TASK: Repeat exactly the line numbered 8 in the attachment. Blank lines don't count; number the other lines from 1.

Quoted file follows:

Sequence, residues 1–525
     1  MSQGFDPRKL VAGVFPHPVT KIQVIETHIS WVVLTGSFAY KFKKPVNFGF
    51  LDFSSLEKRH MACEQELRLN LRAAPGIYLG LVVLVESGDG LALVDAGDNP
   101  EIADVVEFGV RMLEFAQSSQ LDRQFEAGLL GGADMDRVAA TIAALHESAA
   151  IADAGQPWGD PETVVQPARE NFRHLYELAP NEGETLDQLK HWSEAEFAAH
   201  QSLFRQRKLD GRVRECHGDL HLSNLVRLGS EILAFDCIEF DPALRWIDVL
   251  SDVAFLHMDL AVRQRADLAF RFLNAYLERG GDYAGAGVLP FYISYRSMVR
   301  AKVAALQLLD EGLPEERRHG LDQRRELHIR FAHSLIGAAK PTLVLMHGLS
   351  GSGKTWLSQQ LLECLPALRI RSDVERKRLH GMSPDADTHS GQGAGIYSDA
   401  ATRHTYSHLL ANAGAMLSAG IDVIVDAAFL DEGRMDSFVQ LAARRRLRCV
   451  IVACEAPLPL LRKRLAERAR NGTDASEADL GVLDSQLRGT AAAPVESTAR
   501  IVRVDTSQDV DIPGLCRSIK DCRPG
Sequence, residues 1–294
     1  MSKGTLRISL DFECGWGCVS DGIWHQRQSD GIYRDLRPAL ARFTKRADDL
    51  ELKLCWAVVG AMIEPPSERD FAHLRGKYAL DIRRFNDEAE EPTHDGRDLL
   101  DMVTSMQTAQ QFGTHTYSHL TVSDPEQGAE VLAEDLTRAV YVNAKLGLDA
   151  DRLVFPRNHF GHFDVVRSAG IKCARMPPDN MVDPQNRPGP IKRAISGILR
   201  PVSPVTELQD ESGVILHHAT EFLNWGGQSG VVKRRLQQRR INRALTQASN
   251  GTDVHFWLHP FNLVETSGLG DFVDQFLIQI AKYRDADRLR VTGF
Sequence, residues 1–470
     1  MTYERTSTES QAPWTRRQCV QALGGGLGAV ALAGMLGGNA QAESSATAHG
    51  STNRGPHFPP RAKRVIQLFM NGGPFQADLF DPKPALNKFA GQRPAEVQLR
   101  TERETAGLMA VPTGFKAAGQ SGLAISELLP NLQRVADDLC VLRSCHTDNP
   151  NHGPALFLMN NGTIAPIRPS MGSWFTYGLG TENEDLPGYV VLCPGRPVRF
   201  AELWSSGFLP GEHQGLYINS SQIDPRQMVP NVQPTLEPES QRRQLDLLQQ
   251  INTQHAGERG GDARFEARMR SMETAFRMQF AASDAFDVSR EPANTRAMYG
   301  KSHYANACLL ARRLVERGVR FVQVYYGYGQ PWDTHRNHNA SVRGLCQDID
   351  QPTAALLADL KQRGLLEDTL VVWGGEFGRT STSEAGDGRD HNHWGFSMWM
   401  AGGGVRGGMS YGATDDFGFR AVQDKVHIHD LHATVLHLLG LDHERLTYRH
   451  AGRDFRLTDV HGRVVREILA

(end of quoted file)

   301  AKVAALQLLD EGLPEERRHG LDQRRELHIR FAHSLIGAAK PTLVLMHGLS